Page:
Wax

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Description

A solid or semi-solid substance that is slightly greasy to touch. Waxes are composed of long chain hydrocarbon compounds, and may contain esters of fatty acids and alcohols. They are thermoplastic and melt at low temperatures (between 40 and 100C). In general, waxes are water-repellent, smooth, and soluble in organic solvents. Waxes are classified by their origin:

- animal: beeswax, lanolin, spermaceti, lac wax

- vegetable: carnauba, candelilla, bayberry, Japan wax

- mineral: paraffin, ozocerite, ceresin, montan

- synthetic: polyethylene, polymethylene, Carbowax®, Halowax®

Waxes are used for polishes, candles, crayons, sealants, coatings, adhesives, waterproofing, and carbon paper. Waxes have been used as a media in encaustic and wax emulsion paintings, and as repellents in wax-resist watercolor paintings.

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Synonyms and Related Terms

voks (Dan.); Wachs (Deut.); cera (Esp., It.); cire (Fr.); wosk (Pol.); vax (Sven.)

Types include: animal wax; synthetic wax, mineral wax; vegetable wax

Other Properties

Soluble in most organic solvents. Insoluble in water.

Additional Information

C.Harley, "Wax" The Dictionary of Art, Grove's Dictionaries Inc., New York, 1996.

Comparisons

Properties of Common Waxes

Properties of Natural Waxes

Additional Images


Sources Checked for Data in Record

  • G.S.Brady, Materials Handbook, McGraw-Hill Book Co., New York, 1971 Comment: p. 862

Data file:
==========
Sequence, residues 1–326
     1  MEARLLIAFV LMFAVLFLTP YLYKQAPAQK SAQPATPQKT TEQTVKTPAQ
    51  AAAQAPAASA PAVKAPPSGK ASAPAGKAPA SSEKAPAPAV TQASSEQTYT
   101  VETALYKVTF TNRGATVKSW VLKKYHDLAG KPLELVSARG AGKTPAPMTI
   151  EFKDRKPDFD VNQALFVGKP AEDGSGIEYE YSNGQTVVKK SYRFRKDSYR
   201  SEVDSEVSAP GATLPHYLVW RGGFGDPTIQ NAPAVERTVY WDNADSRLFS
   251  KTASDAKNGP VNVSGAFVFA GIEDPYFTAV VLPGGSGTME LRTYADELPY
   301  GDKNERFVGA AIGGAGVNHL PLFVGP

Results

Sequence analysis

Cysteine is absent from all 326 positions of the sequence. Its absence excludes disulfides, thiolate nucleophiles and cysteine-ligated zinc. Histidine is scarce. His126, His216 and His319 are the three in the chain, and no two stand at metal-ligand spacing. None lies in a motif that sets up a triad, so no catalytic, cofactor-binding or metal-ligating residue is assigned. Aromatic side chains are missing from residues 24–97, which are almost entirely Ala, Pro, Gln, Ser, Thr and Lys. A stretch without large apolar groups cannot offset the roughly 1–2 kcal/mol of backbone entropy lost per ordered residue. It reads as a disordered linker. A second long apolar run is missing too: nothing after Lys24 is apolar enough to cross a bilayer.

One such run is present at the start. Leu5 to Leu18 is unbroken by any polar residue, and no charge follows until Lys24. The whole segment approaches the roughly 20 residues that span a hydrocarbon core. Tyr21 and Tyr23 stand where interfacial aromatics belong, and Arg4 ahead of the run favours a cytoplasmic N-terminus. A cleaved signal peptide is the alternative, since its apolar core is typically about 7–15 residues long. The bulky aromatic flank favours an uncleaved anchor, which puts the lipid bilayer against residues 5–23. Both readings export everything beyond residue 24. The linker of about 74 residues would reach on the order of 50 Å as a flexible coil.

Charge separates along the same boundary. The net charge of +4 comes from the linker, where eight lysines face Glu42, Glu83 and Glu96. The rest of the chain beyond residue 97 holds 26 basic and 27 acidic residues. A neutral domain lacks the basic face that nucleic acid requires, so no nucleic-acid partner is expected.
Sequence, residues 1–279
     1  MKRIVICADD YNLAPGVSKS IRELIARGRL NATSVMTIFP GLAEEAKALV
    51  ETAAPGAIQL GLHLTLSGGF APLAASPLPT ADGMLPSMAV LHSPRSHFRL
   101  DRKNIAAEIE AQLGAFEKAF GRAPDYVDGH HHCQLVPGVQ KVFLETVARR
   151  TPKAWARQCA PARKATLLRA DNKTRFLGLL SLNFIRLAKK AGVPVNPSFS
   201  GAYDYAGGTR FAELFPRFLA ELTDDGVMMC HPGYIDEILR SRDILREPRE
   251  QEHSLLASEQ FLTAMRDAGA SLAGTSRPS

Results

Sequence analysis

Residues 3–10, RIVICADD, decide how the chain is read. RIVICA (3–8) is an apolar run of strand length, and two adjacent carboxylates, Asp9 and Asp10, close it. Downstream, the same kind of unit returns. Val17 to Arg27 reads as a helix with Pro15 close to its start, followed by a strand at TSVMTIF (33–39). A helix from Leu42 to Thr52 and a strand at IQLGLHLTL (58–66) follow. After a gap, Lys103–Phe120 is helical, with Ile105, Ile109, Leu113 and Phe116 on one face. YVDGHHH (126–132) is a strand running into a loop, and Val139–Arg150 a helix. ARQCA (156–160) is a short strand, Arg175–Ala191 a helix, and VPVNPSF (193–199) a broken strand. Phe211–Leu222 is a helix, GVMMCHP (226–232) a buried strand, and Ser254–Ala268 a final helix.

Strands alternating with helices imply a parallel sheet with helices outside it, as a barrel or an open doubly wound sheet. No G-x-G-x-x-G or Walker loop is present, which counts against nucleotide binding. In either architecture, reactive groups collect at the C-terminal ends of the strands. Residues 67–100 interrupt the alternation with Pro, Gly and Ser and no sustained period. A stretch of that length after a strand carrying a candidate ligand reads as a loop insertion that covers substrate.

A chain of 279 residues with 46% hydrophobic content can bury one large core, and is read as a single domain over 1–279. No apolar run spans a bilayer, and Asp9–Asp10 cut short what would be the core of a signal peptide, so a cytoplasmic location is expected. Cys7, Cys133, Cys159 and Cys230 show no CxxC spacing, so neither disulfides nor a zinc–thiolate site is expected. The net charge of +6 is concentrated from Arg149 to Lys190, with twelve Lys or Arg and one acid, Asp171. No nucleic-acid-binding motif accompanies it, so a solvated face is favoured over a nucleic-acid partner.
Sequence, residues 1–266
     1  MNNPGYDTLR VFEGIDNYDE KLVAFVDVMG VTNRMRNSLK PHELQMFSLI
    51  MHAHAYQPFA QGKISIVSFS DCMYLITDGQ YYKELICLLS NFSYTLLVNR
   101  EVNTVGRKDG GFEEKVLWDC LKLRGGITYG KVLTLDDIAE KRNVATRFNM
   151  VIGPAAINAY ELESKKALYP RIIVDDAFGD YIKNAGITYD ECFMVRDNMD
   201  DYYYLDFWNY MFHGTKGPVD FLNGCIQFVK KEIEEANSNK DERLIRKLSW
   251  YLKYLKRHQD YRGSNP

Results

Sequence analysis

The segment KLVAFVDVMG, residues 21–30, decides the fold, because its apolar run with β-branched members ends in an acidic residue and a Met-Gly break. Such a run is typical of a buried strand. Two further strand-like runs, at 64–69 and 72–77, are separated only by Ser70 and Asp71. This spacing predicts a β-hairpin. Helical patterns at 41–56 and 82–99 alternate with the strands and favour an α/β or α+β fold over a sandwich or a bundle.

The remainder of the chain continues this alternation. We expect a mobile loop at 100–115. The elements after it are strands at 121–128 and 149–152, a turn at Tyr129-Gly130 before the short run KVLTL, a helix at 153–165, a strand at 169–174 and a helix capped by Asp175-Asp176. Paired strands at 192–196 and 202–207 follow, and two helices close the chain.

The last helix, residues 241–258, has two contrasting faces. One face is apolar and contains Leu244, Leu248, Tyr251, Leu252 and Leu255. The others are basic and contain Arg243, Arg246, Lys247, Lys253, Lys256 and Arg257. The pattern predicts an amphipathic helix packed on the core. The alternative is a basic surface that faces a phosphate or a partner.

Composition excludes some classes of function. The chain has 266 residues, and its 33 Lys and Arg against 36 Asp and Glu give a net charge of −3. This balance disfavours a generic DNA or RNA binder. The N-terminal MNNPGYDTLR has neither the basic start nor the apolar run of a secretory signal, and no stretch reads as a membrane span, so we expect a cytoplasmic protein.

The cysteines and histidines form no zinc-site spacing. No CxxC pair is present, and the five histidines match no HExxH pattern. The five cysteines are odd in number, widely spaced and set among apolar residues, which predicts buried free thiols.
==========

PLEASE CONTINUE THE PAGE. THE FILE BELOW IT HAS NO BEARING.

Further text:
• Ralph Mayer, A Dictionary of Art Terms and Techniques, Harper and Row Publishers, New York, 1969 (also 1945 printing)
  • Encyclopedia Britannica, http://www.britannica.com Comment: "wax" Encyclopædia Britannica Premium Service. [Accessed 20 Sept. 2005].
  • The Dictionary of Art, Grove's Dictionaries Inc., New York, 1996 Comment: "Wax" by C. Harley
  • Richard S. Lewis, Hawley's Condensed Chemical Dictionary, Van Nostrand Reinhold, New York, 10th ed., 1993
  • Tom Rowland, Noel Riley, A-Z Guide to Cleaning, Conserving and Repairing Antiques, Constable and Co., Ltd., London, 1981
  • Matt Roberts, Don Etherington, Bookbinding and the Conservation of Books: a Dictionary of Descriptive Terminology, U.S. Government Printing Office, Washington DC, 1982
  • Van Nostrand's Scientific Encyclopedia, Douglas M. Considine (ed.), Van Nostrand Reinhold, New York, 1976
  • Random House, Webster's Encyclopedic Unabridged Dictionary of the English Language, Grammercy Book, New York, 1997
  • Random House, Webster's Encyclopedic Unabridged Dictionary of the English Language, Grammercy Book, New York, 1997
  • The Merck Index, Martha Windholz (ed.), Merck Research Labs, Rahway NJ, 10th edition, 1983
  • The American Heritage Dictionary or Encarta, via Microsoft Bookshelf 98, Microsoft Corp., 1998
  • Website address 1 Comment: www.hants.org.uk/museums/ofr/cmeth_t.html

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